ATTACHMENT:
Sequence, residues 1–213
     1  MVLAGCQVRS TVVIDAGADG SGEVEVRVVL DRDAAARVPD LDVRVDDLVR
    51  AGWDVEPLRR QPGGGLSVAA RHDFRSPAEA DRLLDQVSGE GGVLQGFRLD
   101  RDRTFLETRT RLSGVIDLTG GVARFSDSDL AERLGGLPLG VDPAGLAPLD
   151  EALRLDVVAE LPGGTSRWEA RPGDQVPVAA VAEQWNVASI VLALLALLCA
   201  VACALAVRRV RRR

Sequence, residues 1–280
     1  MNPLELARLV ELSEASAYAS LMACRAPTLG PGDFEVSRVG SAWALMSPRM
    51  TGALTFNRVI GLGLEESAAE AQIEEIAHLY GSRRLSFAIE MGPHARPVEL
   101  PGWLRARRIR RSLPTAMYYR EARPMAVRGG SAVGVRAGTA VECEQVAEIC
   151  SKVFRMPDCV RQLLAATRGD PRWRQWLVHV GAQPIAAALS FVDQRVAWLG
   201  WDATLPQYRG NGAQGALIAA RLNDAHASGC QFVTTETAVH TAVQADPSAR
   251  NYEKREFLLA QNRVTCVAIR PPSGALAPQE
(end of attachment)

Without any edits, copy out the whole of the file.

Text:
Sequence, residues 1–213
     1  MVLAGCQVRS TVVIDAGADG SGEVEVRVVL DRDAAARVPD LDVRVDDLVR
    51  AGWDVEPLRR QPGGGLSVAA RHDFRSPAEA DRLLDQVSGE GGVLQGFRLD
   101  RDRTFLETRT RLSGVIDLTG GVARFSDSDL AERLGGLPLG VDPAGLAPLD
   151  EALRLDVVAE LPGGTSRWEA RPGDQVPVAA VAEQWNVASI VLALLALLCA
   201  VACALAVRRV RRR

Sequence, residues 1–280
     1  MNPLELARLV ELSEASAYAS LMACRAPTLG PGDFEVSRVG SAWALMSPRM
    51  TGALTFNRVI GLGLEESAAE AQIEEIAHLY GSRRLSFAIE MGPHARPVEL
   101  PGWLRARRIR RSLPTAMYYR EARPMAVRGG SAVGVRAGTA VECEQVAEIC
   151  SKVFRMPDCV RQLLAATRGD PRWRQWLVHV GAQPIAAALS FVDQRVAWLG
   201  WDATLPQYRG NGAQGALIAA RLNDAHASGC QFVTTETAVH TAVQADPSAR
   251  NYEKREFLLA QNRVTCVAIR PPSGALAPQE